The following is the first of several interviews conducted by the Walker design studio on the occasion of Over-Booked, a preview of the New York Art Book Fair co-presented with Printed Matter.
Christopher Schulz is a designer and independent publisher known for his publication, Pinups, as well as various print works. The distinctly spartan (yet furry) aesthetic that runs through his drawings, collages, and photographs has been well received by the queer and design communities alike. He is the recent recipient of Printed Matter’s 4th Annual Awards For Artists, and will be unveiling new works at the New York Art Book Fair in September. Below, Schulz graciously answers a few questions about the books and magazines he loves to read, smell, and make.
Pictured above: 1) Schulz’s book Seth, a series of graphite drawings of Seth Rogen imagined-nudes 2) Digital collages from Schulz’s Tumblr-based Mopping Is Stealing 3) Copy Machine, an accordion fold-out book featuring a professional man and the fruits of his unprofessional labor and 4) Covers and spreads from Pinups.
What is the last book you read?
The last book I read was Querelle de Brest (Jean Genet). It’s a favorite that I revisit from time to time. (Pictured above: Poster for the film adaptation of Querelle, featuring an Andy Warhol print)
Describe an impossible book that you’d like to make (if you could do the impossible).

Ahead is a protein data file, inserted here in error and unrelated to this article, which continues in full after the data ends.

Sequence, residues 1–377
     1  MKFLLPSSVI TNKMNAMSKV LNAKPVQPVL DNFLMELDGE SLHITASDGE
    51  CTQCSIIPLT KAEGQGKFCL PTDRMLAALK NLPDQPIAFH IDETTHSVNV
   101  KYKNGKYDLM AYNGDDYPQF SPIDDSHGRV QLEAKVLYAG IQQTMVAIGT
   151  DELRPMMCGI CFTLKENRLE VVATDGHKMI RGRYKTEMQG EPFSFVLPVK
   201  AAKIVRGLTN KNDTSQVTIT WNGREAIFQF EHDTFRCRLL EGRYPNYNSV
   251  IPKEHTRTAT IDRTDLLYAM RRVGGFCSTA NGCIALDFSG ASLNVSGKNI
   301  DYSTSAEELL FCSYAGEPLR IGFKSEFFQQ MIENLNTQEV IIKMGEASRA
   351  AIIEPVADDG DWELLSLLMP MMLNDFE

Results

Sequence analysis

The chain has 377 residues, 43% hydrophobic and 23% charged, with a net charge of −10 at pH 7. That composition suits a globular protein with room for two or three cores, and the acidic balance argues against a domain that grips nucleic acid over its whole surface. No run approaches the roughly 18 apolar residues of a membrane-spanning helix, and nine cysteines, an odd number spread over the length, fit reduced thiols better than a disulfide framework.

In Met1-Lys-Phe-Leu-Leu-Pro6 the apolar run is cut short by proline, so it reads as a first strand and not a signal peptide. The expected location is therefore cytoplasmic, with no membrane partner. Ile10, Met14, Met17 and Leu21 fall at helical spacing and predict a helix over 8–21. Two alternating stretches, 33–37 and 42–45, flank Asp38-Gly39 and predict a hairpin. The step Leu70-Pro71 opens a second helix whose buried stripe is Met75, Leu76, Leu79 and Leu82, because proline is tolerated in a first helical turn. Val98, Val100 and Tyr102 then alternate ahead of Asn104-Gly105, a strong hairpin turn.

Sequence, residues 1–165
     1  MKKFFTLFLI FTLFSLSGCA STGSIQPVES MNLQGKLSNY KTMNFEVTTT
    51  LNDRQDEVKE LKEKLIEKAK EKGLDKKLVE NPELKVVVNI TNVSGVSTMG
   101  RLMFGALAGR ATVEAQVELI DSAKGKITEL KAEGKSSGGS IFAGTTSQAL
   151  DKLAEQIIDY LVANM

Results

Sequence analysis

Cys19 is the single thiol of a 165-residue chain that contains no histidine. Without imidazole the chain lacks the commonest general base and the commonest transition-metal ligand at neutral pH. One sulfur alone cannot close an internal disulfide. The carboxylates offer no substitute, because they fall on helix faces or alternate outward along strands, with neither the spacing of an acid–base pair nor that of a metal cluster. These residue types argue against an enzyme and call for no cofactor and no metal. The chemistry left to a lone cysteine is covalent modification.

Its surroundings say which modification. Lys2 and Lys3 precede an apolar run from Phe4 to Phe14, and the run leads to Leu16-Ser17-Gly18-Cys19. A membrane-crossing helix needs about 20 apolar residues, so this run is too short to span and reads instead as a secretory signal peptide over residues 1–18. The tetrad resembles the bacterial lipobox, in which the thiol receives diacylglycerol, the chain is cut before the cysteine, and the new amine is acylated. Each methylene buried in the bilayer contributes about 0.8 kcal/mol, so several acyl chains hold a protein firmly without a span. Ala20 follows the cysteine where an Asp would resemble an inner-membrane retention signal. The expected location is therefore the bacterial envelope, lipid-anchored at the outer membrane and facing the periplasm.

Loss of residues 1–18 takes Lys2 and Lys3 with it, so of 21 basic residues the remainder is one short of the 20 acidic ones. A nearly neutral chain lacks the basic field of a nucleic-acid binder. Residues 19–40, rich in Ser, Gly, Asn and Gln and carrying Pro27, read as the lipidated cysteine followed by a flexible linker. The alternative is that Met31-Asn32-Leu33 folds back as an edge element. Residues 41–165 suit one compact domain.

I really love when there’s variety within an edition—for example, a magazine issue with numerous interchangeable covers—a mixed edition. I’d like to create an edition where each book is unique, down to every page. Of course it’s not impossible but definitely challenging enough to seem impossible.
Describe a person you think might collect your books?
My books tend to evoke a strong response. Some really love them and others feel uncomfortable by having to confront the work (even though it’s really very tame). Though those with an affinity for visual design, printed matter, and male nudes tend to dig my books, I’m always excited when someone I don’t expect to like my work ends up really liking it.
What makes a book valuable?
All the things that determine a book’s collectibility make it valuable. Things like cultural relevance, history, edition size, the maker, the collector.
Do you have any book-related rituals?
When I open a book, I thumb through it gently. I’m very particular about how to appropriately handle a book (in fact, I’ve been thinking about printing a how-to about page turning). I enjoy the smell of the paper and chemicals in the ink.
Do books start to look like their designers? Do designers look like their books?
Only through my own associations. If I know a designer, then I automatically associate the look of that person with their work. But when I meet someone who’s work I’m already familiar with, I’m often surprised that they don’t look how I imagined.
Can you tell a cautionary tale related to the design or production of a book?
Printing is the only part of the process that is out of my hands. I am obsessive about doing press checks to make sure everything prints as it should. I’ve caught some pretty major mistakes while conducting a press check (they were my mistakes). Luckily I spotted the mistakes before printing began otherwise I would’ve had a major problem on my hands.
What are you working on right now?
I just published a new issue of Pinups. Issue 16 (pictured above). I’m also working on a special poster to be featured at this year’s New York Art Book Fair in September. It will be announced later this month.
Which Pinups model is the most single?